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landscapes apply the gave discounts and free materials to make this project happen. janet moyer landscaping assisted with the design. there was effort in trying to figure out the slopes the walls. they helped quite a bit. jordan kirkland, veronica brady , and the friends of bernal gardens who brought this burden to fruition. the department of public works is out there to hold hands and work with everyone. it is through their leadership that we are able to improve our neighborhoods. i would especially like to thank the staff of dpw who go out to all of these meetings and start these projects.
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i want to thank all of the bureau's at dpw who assisted in bringing supplies, and doing some work, or making sure that the project was built as planned. thank you very much. [applause] >> there are a lot of other people to think. you have been hearing a lot about this gentleman, julian, who is responsible for a lot of this. i used to live not far from here. i used to walk my dog upon the hill there. it is so great to see the transformation of this space. it is something i want to see in my neighborhood as well. it does not happen without the leadership of the grass-roots level. we're there to support it, but the leadership is not there from the community, it does not happen. it is my great pleasure to bring forth a great leader in this community mr. julian wyler.
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[applause] >> welcome to this point guard in v -- vista point guard. there are a lot of people who are not here today who contributed to make this possible. there are a lot of other people who come here and work and put in various parts of the garden, especially the unsung heroes of the volunteers in the neighborhood. working together and staying focused, this neighborhood has reached out and made partnerships with the city. we have worked together. we get more done that way. it is a real synergy. these gardens to them exist five years ago. they were all neglected, blighted, like a cross the street where you still see areas that can be in crude --
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improved. we just need a vision. the public gardens connect us to natural beauty. they give us a sense of community pride. they provide habitats for bees, butterflies, and birds. they represent what is best in us as a community. the bench represents a window on the past. it was once a curb in downtown san francisco. we've simply connected it to the future. another purpose for the garden is that it provides a place for people just sit and reflect and pause on their journey. it provides a kind of common duty that we all share.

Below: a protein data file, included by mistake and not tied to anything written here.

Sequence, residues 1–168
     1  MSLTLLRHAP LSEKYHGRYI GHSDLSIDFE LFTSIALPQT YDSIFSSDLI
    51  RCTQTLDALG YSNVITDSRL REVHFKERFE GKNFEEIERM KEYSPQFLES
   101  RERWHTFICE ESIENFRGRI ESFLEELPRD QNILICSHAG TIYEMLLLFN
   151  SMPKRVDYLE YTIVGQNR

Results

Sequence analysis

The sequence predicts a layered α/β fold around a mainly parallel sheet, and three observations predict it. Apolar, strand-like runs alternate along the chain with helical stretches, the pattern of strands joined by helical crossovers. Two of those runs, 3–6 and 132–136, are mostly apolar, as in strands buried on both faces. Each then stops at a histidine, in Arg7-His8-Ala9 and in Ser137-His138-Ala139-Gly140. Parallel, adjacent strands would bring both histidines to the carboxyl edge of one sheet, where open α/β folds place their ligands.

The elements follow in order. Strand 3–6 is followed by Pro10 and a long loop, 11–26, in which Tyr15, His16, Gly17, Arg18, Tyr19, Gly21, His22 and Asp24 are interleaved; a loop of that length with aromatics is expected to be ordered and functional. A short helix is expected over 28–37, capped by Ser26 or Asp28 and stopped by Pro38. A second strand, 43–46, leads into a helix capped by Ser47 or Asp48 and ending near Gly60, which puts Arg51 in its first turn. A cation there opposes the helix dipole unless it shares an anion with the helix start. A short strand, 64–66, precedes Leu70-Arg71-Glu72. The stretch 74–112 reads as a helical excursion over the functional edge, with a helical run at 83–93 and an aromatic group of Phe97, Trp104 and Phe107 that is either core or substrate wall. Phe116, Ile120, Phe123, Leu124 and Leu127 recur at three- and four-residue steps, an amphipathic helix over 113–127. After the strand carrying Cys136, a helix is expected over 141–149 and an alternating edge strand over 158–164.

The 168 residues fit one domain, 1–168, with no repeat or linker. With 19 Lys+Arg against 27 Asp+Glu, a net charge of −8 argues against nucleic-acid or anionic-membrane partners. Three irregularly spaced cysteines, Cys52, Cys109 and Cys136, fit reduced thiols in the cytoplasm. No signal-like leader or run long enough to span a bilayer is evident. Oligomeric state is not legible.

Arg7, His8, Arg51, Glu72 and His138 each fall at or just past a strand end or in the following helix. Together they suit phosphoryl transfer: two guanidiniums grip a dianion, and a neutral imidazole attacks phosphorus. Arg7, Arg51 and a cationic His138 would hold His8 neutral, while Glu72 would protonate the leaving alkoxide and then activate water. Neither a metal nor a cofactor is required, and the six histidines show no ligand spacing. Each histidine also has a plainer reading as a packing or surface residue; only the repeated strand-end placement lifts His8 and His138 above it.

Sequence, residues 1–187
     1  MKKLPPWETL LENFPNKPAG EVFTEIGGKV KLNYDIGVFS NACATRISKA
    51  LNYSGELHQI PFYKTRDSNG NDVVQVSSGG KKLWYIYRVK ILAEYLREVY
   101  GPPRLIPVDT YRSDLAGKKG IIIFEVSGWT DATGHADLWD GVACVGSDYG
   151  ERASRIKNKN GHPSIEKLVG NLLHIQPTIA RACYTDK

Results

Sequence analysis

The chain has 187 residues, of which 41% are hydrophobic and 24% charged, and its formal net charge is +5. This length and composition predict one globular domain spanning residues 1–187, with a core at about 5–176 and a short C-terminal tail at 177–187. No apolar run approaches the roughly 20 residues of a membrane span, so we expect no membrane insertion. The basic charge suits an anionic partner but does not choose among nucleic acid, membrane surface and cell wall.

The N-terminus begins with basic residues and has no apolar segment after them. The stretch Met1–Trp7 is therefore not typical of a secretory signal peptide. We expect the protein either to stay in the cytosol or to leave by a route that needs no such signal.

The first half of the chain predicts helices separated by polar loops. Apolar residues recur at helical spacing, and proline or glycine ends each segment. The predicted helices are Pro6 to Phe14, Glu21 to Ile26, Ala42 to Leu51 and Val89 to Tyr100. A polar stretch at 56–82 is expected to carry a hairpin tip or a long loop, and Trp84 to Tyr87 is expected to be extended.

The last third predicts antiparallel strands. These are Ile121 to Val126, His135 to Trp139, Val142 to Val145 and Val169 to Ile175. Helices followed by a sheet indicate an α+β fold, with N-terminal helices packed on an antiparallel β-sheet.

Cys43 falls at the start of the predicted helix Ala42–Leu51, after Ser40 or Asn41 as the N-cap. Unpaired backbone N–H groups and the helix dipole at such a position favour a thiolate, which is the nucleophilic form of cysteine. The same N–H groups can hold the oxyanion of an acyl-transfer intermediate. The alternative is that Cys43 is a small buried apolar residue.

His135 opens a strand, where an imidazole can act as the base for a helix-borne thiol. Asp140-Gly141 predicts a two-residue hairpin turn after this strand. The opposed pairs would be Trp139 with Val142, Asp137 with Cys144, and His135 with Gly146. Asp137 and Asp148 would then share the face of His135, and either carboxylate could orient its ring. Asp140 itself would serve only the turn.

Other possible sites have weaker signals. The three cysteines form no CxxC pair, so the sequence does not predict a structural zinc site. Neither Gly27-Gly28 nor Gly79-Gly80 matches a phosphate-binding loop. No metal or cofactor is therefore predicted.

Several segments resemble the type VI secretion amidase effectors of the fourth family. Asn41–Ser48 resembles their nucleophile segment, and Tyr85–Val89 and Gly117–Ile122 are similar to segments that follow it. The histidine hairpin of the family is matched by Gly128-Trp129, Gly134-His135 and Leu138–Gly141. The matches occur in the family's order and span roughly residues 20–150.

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it allows us to stop and reflect on the shining city beyond which continues to reinvent itself. today, we dedicate this beautiful public garden. made keeps a loy it keep so. thank you. [applause] >> those are beautiful words befitting and beautiful their part of our city. -- befitting a beautiful new part of our city. mohammad thanked a lot of the donors. the mayor referenced the grant program. there's the whole group of the friends of bernal gardens that we want to thank.
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finally, it is not just community partners. in his community organizations that we partner with to make things like this happen. -- it is committee par-- communy organizations that we partner with to make things like this happen. there's great sensibility about the landscapes of san francisco. there is san francisco parks trust. i would like to ask karen to close us out with a few words. >> thank you. i think we're all moved by ulian's words and passion for this place. we're proud to be here for the completion of the beautiful garden. the term is fiscal sponsor, but it is so much more. we do community interface all over the city with many partners. bureaucracy is not a bad word. we work well with government.
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thank you to the bureaucrats. to me, that meeting has no pejorative anything. the sense of entrepreneurship from dpw is very strong. you can see in the interactions with julian wyler, bernal gardens, and others in the committee who make this happen. dpw deserves credit. they built a concrete platform. they delivered supplies. the organized community work days and brought in tools. we worked with sandra. thank you for your hard work. you can partner with dpw, but you have to have a person there to be a partner. she has been hit. on our own staff, i want to thank julie and brean for their -- brandy for their two
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years of work on this. we have the committee challenge grant that provided a lot of funding for this. lanita is an able leader for that program. thank you to all of our partners in the city and community. enjoy your new garden. [applause] >> thank you, everyone, for coming out. i think we have a ribbon to cut. it is green because this is a green space. please join us in formally opening the park. are we ready? [applause] thank you. i will beat anybody to that